US to drop Colombian rebel group FARC from terror list

The Biden administration is taking steps to remove far-left Colombian rebel group FARC from its list of foreign terrorist organizations to show support for a five-year-old peace agreement between the guerilla outfit and the South American country’s government. 

Nov. 30 will mark the fifth anniversary of the deal between FARC (Revolutionary Armed Forces of Colombia) and the government of then-Colombian President Juan Manuel Santos, which ended more than 50 years of fighting.

The State Department confirmed on Tuesday that it had notified Congress of its intention to drop FARC from the list. The effort was first reported by the Wall Street Journal.

“The peace process and the signing of the peace accord five years ago is something that was a seminal turning point in some ways in the long-running Colombia conflict,” State Department spokesman Ned Price told reporters. “It’s something we’ve commended, it is something that we have sought at every step of the way to preserve.”

FARC guerrillas march in column during a review at their camp in Apr. 2017.
FARC guerrillas march in column during a review at their camp in Apr. 2017.
AFP/Getty Images

“The peace accord ended five decades of conflict with the FARC, and it set Colombia on a path to a just and lasting peace,” Price added. “And so we remain fully committed to working with our Colombian partners on the implementation of the peace accord.”

Price said a US delegation recently met with current Colombian President Ivan Duque and the country’s foreign minister in Bogota “and obviously, the implementation and preservation of the peace accord was a central topic in those discussions.”

Political officials including Secretary General of the UN, Antonio Guterres (right) meet in Bogota on Wednesday to commemorate five years of the peace treaty between the Colombian Government and FARC.
Political officials including Secretary General of the UN, Antonio Guterres (right) meet in Bogota on Wednesday to commemorate five years of the peace treaty between the Colombian Government and FARC.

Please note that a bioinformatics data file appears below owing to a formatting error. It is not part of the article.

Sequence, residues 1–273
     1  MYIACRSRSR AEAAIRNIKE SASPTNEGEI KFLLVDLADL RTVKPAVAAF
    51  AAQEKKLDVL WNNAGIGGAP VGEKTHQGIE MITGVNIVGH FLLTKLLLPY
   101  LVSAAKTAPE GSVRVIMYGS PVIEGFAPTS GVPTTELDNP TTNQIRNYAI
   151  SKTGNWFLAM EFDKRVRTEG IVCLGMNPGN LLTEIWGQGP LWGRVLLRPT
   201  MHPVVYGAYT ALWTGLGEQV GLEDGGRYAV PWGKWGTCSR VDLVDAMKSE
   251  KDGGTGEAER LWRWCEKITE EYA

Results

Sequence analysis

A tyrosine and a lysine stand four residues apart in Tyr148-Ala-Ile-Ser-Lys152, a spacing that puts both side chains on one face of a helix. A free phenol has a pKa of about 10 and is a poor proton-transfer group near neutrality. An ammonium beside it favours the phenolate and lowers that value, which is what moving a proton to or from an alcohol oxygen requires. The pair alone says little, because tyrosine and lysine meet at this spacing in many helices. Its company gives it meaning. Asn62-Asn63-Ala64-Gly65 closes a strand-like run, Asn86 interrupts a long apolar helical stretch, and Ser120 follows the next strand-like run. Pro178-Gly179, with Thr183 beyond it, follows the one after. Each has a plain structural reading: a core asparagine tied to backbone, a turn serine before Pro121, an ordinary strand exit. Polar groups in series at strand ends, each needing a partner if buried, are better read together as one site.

EPA

Sen. Ted Cruz (R-Texas) came out Wednesday against removing the terror designation from FARC, which Cruz called “an organization of Marxist–Leninist narco-terrorists.”

“For decades they have killed, kidnapped, and extorted Colombians,” he said. “They have murdered and seized American citizens. They continue to pose an acute threat to Colombian security and to American interests across the region.

“Removing FARC from the list of terrorism organizations will embolden them to widen their violence and interfere with civilian activities,” he added.

A Colombian soldier patrols in Marquetalia, the birthplace of FARC, in Oct. 2021.
A Colombian soldier patrols in Marquetalia, the birthplace of FARC, in Oct. 2021.
AFP via Getty Images

Sen. Rick Scott (R-Fla.) agreed with Cruz, saying it was “absolutely unacceptable” that the administration was taking such a step.

“Once again, Biden chooses appeasement & proves he doesn’t care about the security & stability of Latin America,” Scott wrote on Twitter.

Colombian officials have argued that removing FARC from the list of foreign terror organizations would amount to US recognition that the group is no longer engaged in efforts to overthrow the government by force and has reorganized itself into a political party, the Journal reported.

“For the Biden administration, this is a low-cost thing to do,” Sergio Jaramillo, the Santos administration’s architect of the peace deal, told the newspaper. “It sends the signal to the FARC, ‘it has been five years, you’ve done your bit, behaved properly, and we’re delisting you.’”

The Obama administration, in which Biden served as vice president, helped negotiate the deal between the Colombian government and FARC, which was designated a terrorist organization by the US in 1997. 

Following the signing of the pact, some of the rebels entered politics but others in the group who objected to the agreement continue to operate in the Colombian countryside.

FARC guerillas members pose for a picture in 2016.
FARC guerillas members pose for a picture in 2016.
AFP/Getty Images

Dropping the terrorist designation would also allow the US to fund programs in Colombia that are operated by former FARC fighters, according to the Journal. 

Bernard Aronson, a former US envoy who participated in the peace negotiations, said ditching the designation sends a message to other violent groups around the world.

“If groups that were once violent revolutionary groups are never allowed to get off the list, that’s one less incentive for them to make peace,” Aronson told the outlet. “You undermine incentives for other groups to renounce terrorism, renounce violent struggle.”

View of a landmine laid by FARC guerrillas, pictured in Oct. 2021.
A landmine laid by FARC guerrillas.
AFP via Getty Images

Established in 1964, FARC was responsible for a campaign of terror in the South American country — including kidnappings and summary executions — that led to the deaths of 260,000 people.

With Post wires